Triple Decker 4 & 5 (Alternative) Review | The Micro User - Everygamegoing

The Micro User


Triple Decker 4 & 5
By Alternative
BBC/Electron

 
Published in The Micro User 6.09

A mixed bag

Not too long ago it was considered to be good value if you could pick up an arcade game for £1.99 - nowadays Alternative Software is churning out three-game compilations at the same price.

Triple Decker 4

A sporting theme is in evidence on Triple Decker volume four, with Cricket, Golf and Fishing as the pastimes on offer.

Howzat represents the next step up from the old fashioned pencil, paper and dice game that was popular when I was a lad - everything is still reliant upon random numbers, but the game is acted out on the screen to add extra interest.

Players' names for the two teams involved may be typed in manually, or you may choose to use the pre-programmed English and Australian teams.

A rapidly drawn aerial view of the pitch and players is displayed for your entertainment - the grass is green and the stick-men are black. These graphics are hardly state of the art, but adequate for the purpose.

From this point onwards life becomes very straightforward. The bowler bowls, the batsman hits out and you are asked whether or not you wish to run, Howzat is avery simple game yet enjoyable.

Game number two of the compilation is Goff, for up to five players. The aim is to complete the nine hole course in the least number of shots, though Idoubt whether many people will have the stamina to complete a single - incredibly boring - round.

Using any of the eight compass directions you guide a white dot along a map of the hole, eventually reaching the large black dot at the far end. All of this excitement was far too much for me, so I loaded up number three - fishing.

You are provided with such vital information as weather conditions and water speed and depth, from which you must make the correct choice of hook, bait and weights. Out on the well-drawn river bank, you decide whether to cast near or far and at what depth.

With your bait in the water you can settle back and wait. Within seconds your float will begin to twitch, hand hovering above the spacebar you poise, ready to strike. The float goes under completely and bang... you're into your first fish. And for the ridiculous sum of 66p you couldn't find a better game.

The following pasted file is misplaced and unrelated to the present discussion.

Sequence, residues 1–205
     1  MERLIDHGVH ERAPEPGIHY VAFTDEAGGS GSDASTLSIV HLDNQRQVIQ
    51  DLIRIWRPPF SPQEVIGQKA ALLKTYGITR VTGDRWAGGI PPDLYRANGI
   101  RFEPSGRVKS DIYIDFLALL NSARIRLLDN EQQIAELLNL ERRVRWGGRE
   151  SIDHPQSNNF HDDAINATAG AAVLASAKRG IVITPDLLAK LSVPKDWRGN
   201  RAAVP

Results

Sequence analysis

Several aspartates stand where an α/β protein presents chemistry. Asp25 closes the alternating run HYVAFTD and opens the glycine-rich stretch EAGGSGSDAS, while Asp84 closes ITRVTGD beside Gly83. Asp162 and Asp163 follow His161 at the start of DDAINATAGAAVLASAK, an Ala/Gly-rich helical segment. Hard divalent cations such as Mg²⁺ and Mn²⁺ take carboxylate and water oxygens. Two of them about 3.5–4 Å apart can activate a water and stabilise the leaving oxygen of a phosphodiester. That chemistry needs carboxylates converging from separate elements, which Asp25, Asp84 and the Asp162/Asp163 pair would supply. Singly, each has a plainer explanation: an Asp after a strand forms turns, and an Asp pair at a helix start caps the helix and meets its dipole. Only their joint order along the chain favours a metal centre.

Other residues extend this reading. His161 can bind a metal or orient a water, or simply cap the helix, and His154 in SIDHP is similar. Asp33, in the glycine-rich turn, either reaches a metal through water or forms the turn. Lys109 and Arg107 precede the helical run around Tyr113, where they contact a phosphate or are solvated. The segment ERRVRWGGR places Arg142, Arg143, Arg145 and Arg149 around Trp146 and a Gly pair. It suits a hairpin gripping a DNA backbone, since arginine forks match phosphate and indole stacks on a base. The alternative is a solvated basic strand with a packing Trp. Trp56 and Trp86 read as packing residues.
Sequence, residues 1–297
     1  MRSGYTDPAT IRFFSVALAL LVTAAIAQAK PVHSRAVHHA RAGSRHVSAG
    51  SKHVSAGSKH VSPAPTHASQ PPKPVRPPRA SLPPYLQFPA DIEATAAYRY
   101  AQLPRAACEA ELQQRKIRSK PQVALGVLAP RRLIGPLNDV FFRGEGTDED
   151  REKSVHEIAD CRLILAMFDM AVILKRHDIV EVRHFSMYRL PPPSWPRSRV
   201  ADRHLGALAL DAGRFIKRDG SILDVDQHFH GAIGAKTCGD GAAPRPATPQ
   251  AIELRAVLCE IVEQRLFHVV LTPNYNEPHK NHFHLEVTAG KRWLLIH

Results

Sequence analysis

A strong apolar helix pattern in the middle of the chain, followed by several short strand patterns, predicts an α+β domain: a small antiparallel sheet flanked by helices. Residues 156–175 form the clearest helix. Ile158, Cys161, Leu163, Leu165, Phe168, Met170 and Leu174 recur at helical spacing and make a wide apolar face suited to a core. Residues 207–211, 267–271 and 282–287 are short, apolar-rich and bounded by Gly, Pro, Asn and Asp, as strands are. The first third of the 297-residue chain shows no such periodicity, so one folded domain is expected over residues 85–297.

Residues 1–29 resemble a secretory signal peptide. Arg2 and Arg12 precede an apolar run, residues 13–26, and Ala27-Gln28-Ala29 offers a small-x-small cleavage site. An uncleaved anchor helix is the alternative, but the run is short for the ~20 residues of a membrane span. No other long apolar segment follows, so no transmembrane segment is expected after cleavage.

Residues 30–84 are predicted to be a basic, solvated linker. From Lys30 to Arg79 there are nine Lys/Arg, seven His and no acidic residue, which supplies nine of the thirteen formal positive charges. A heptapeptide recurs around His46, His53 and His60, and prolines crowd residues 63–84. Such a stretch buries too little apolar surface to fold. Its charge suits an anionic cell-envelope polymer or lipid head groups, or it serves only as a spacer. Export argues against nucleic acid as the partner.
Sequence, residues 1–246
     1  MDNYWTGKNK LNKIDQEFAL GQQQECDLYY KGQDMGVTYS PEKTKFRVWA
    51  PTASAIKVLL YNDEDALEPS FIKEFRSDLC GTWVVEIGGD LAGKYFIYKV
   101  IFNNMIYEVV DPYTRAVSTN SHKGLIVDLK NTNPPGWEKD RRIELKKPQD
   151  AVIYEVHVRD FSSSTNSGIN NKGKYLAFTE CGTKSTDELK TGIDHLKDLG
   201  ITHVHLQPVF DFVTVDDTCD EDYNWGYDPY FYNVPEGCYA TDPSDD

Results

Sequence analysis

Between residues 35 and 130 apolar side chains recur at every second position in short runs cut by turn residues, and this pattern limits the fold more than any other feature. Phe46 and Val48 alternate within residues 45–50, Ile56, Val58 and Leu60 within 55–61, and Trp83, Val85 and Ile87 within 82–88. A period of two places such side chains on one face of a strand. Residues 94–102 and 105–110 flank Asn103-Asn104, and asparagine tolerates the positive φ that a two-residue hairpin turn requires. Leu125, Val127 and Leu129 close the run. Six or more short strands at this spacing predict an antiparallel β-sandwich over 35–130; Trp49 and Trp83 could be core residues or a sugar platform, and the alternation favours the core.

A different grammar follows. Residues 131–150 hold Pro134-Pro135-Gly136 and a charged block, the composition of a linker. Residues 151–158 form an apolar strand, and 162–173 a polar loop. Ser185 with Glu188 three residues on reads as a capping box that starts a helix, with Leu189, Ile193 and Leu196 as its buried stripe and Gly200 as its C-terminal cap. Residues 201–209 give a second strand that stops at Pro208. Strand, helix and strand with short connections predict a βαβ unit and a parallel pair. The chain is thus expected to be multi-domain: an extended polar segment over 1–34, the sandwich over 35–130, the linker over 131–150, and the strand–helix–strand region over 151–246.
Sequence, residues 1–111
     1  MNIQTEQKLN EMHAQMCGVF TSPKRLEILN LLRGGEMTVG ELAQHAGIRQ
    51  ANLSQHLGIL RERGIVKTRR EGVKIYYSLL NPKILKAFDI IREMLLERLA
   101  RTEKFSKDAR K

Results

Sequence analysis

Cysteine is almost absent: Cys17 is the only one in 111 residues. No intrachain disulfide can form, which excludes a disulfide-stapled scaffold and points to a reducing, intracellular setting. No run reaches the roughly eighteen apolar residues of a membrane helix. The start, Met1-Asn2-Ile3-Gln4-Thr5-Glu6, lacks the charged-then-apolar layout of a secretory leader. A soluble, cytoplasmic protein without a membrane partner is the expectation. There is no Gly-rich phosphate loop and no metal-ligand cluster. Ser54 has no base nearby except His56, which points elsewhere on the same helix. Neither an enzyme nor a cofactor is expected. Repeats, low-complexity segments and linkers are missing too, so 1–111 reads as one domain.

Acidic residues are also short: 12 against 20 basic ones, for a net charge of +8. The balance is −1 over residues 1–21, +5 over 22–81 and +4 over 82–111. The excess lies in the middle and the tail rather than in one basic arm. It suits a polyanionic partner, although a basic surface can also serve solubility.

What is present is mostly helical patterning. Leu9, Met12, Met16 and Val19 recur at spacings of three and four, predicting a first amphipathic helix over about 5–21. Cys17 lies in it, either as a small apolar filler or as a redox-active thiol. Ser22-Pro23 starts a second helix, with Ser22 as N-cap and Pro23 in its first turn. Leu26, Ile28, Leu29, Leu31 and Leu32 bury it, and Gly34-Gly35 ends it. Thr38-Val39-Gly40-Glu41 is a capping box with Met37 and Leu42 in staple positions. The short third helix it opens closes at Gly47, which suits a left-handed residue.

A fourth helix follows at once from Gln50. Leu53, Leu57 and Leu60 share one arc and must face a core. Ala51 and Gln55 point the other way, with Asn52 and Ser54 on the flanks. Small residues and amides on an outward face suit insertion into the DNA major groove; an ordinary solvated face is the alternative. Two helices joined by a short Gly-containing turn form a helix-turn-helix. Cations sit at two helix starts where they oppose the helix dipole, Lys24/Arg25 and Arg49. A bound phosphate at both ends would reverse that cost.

Triple Decker 5

Volume five comprises two space games and a karate program. Offering number one is titled Starfight and represents shoot-'em-ups at their most basic.

The screen displays the view from your cockpit as you orbit the planet M101/3. A small blip appears and begins to increase in size as it approaches - using four badly chosen keys, you must blast the blip.

An on-screen rangefinder counts down as the alien ship homes in on your position - the further away the target the more points you score if you hit it. When the rangefinder reaches zero you lose your one and only life. Starfight is an uninspiring game made worse by the terrible choice of control keys.

Stable, as you might expect, is a horizontal scrolling zap and blast game. A continuous stream of alien ships and missiles fly smoothly from right to left across the screen - all you have to do is shoot them. Blasting the aliens is quite easy - they fly in perfectly straight lines and don't fire back.

The alien plan is to defeat you through sheer strength of numbers - after a couple of minutes flying time you will find yourself struggling to find a clear path through the alien swarm. Shooting them doesn't help, as this merely converts the alien into a fireball that continues on its original course.

Good use of colour and smooth animation make Skramble a worthy part of this collection.

Game number three brings you back down to earth with a bump... a kick and a nasty looking punch. Karate Warrior is a fine-looking game that has one major failing - it can only be played by two players.

As with all martial arts games, your success is dependant upon your ability to string together awinning combination of kicks and punches. The usual selection of 16 moves has been reduced slightly - to a grand total of four.

The two single-colour warriors perform their ritualised combat with flicker-free ease; it is such a pity that the micro is unable to defend itself. Karate Warrior could have easily been a good game.

In spite of their varied quality you will have to search far and wide to find better products at this price.

Jon Revis